- Bridget Jones: The Edge of Reason
- Mark needs to be at his most forgiving to keep up with Bridget being more herself and more relationship-challenged than ever. Like most sequels the movie doesn't quite measure up to the original, aiming for a slightly lower-brow kind of humor, but is still funny.
- The Boondock Saints
- Is it ... a crime story? splatter? a response to Tarantino? Cop Willem Dafoe chases a couple of ... hit men? serial killers? neighborhood saints? I loved that it's set in Boston and provides lots of recognizably Bostonian backdrops and characters. Not a new release though, so you'll have to rent it.
- The Bourne Supremacy
- Action thriller in which a CIA agent (Matt Damon) tries to figure out what happened to him earlier in The Bourne Identity.
- Männer Wie Wir
- A soccer team drives away their goalie when they find out that he's gay. After founding his own team of gay players they take on his old team. All gay clichés are served up in this one. Predictable and forgettable.
- Land of Plenty
- Wim Wenders latest, giving his impression of post-9/11 USA. Not exactly uplifting, but the heigthened paranoia he depicts is real. The portrait of two people who are related, yet know nothing of each other, and change while they do get to know the other, makes it worthwhile.
- 5x2 (Fünf Mal Zwei)
- A look at five scenes of a relationship, from being introduced through wedding, child birth, an evening with friends to divorce court. A life together that shouldn't have been, since both find reasons to not fully commit to one another. As such, the relationship remains mysterious. The five scenes are shown in reverse chronological order, showing the consequences first and the beginnings later.
- Fahrenheit 9/11
- Michael Moore's look at the USA of George W Bush. Not much new if you've read his book Dude, where's my country? It's more of a subjective film than a proper documentary, but it raises important, as yet unanswered, questions.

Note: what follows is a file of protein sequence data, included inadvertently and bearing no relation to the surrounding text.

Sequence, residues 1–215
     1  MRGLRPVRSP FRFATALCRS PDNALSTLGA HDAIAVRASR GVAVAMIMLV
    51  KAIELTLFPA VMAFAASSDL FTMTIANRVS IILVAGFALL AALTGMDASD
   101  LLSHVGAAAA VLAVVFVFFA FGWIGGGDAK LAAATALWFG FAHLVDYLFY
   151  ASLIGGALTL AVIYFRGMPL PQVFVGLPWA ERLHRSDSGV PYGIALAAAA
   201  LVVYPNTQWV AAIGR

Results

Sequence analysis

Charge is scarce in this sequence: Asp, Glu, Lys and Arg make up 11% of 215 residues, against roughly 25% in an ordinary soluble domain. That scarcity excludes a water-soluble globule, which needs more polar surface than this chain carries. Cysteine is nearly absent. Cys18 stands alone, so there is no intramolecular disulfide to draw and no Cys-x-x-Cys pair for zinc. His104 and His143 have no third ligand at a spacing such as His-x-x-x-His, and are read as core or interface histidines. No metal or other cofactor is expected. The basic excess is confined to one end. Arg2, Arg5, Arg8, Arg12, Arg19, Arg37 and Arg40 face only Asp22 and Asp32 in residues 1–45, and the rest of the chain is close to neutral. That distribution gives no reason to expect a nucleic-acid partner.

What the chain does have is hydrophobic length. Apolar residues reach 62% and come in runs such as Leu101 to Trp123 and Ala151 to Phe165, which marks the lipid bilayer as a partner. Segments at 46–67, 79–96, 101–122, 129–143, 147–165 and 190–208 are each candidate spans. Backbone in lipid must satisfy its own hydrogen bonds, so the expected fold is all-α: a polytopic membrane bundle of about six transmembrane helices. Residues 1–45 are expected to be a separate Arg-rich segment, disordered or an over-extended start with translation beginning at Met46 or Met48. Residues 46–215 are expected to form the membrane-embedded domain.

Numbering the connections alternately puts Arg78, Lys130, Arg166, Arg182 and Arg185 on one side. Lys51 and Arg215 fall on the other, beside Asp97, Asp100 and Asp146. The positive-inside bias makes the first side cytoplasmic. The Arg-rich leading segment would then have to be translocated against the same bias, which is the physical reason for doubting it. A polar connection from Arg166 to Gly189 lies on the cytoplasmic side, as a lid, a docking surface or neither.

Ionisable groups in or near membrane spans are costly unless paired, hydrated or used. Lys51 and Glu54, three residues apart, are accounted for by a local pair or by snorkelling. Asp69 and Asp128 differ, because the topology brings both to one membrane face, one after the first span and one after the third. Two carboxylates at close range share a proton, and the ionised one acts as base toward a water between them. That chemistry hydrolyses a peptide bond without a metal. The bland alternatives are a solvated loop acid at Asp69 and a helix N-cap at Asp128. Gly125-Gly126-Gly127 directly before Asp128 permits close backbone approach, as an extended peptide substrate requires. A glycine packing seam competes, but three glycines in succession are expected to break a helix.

- A hit man (Tom Cruise) forces a cabbie (Jamie Foxx) to drive him to four successive hits in one night. Intriguing idea, though how he survives a club shootout while killing plenty of policemen remains a mystery.
- Supersize Me
- Documentary about a guy (Morgan Spurlock) who eats exclusively at McDonalds? for 30 days. Also includes interviews with health professionals, food professionals and food industry insiders. Funny, depressing and informative.
- Coffee and Cigarettes
- The collected short films of the same title by Jim Jarmusch. The new ones don't quite have the charm of the old ones: drinking coffee and smoking cigarettes happens as a byproduct of serious discussions, and they feature some brand name actors, but overall it's a very enjoyable movie. Update 2006: I've watched it again, and have quite changed my mind. Most of the new scenes are at least as good as the old ones, and their more profound meaning works well. This is a great movie.
- Schultze Gets The Blues
- A laid-off middle-aged worker gets into Cajun music, and takes his accordion to the Louisiana Bajou to get to the roots of it. The depiction of unemployment in Eastern Germany is depressing, if accurate and well done, and on his trip Schultze finds a life that's eluded him so far. Kind of a road movie, and also good entertainment.
- Lost in Translation
- Two Americans (Bill Murray and Scarlett Johansson) staying in a Tokyo hotel can't get the hang of either their jet lag or the country they're in. Through that common bond a friendship starts that leaves both of them changed. Though some parts are comedic, the movie deals with profound issues, and captures ex-pat themes very well. And now I can't get the song Just Like Honey from The Jesus And Mary Chain out of my head...